AG: Ex-Penn State coach abused boys ages 8 to 17

MARK SCOLFORO Associated Press Published:

HARRISBURG, Pa. (AP) -- A court filing Thursday by prosecutors in the Jerry Sandusky child sex abuse case said his alleged victims ranged in age from 8 to 17, and that crimes involving eight of the boys occurred on the Penn State University campus.

The attorney general's office issued a "bill of particulars" that said crimes involving one boy took place in Florida and Texas, while another boy was abused at his own school.

Two of the boys, identified in a grand jury report as Victim 2 and Victim 8, remain unidentified to authorities, according to the court filing.

In most cases, prosecutors said they could not provide specific dates, noting some crimes occurred over many years, and the alleged victims were children at the time.

The document, produced at the request of Sandusky's lawyer, discloses details of the allegations that might help them prepare a defense. Prosecutors said assaults happened from 1996 to 2009 and occurred at Sandusky's home, in State College hotels, at Penn State athletic facilities and inside a car.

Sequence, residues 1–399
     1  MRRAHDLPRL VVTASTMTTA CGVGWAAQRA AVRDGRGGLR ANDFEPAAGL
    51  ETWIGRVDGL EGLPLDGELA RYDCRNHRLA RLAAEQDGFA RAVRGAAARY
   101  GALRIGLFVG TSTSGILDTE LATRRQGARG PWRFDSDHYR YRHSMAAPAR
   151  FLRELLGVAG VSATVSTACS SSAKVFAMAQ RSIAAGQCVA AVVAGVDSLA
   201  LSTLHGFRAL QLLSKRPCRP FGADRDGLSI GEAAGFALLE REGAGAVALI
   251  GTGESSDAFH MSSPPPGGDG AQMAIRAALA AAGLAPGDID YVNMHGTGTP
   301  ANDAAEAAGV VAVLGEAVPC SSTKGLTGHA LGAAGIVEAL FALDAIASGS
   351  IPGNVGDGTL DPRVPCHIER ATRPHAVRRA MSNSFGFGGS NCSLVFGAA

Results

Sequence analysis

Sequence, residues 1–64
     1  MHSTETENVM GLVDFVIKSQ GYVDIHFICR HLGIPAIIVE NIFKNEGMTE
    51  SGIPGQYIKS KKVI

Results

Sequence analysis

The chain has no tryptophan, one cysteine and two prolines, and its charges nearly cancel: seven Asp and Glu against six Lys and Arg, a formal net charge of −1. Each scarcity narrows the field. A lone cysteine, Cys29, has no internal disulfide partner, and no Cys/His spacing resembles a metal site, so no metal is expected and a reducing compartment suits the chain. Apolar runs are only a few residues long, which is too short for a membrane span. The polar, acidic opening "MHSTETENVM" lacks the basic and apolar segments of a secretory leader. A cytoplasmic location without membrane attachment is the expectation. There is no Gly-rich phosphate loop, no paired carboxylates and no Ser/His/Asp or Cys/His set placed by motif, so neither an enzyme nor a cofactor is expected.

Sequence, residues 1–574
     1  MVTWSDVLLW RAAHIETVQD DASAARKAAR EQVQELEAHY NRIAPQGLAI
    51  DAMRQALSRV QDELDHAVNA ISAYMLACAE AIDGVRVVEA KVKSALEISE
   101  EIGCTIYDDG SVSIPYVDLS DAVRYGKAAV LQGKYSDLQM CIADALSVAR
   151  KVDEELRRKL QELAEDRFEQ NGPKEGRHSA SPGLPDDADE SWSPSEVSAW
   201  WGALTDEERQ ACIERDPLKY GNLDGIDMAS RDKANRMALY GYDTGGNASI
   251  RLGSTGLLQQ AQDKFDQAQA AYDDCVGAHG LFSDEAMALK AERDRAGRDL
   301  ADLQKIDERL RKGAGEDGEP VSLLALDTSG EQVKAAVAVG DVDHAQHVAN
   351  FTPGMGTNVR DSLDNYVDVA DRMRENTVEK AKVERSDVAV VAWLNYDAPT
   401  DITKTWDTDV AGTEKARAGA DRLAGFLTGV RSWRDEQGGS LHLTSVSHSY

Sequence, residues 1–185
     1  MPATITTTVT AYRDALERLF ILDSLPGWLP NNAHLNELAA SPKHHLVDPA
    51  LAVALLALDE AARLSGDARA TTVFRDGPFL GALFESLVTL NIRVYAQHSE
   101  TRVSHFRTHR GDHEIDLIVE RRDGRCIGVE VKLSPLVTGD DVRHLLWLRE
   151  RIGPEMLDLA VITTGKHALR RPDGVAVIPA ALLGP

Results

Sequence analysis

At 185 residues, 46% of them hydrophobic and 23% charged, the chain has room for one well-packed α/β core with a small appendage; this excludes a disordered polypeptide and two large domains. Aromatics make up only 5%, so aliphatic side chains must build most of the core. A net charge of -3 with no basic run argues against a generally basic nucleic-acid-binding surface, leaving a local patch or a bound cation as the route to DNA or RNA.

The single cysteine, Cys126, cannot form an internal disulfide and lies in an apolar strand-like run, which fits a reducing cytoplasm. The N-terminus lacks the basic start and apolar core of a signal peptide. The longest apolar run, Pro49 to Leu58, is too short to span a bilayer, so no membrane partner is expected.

For Victim 4, the attorney general's office said offenses took place in Florida in December 1998 and January 1999, when Penn State was playing in the Outback Bowl; and in Texas in December 1999, when Sandusky's final game occurred in the Alamo Bowl.

The reference to other states comes less than a week after Penn State disclosed a subpoena from the U.S. Attorney's Office in Harrisburg, concrete evidence that a federal investigation is under way.

Sandusky, 68 is confined to his home while he awaits trial on 52 criminal counts. He denies the allegations, and his lawyer did not immediately reply to a message seeking comment Thursday.

A spokesman for the attorney general's office declined comment.

On Wednesday, Judge John Cleland turned down Sandusky's request for a two-month delay that would have given them more time to prepare for trial. Cleland has tentatively scheduled trial to begin with jury selection on May 14.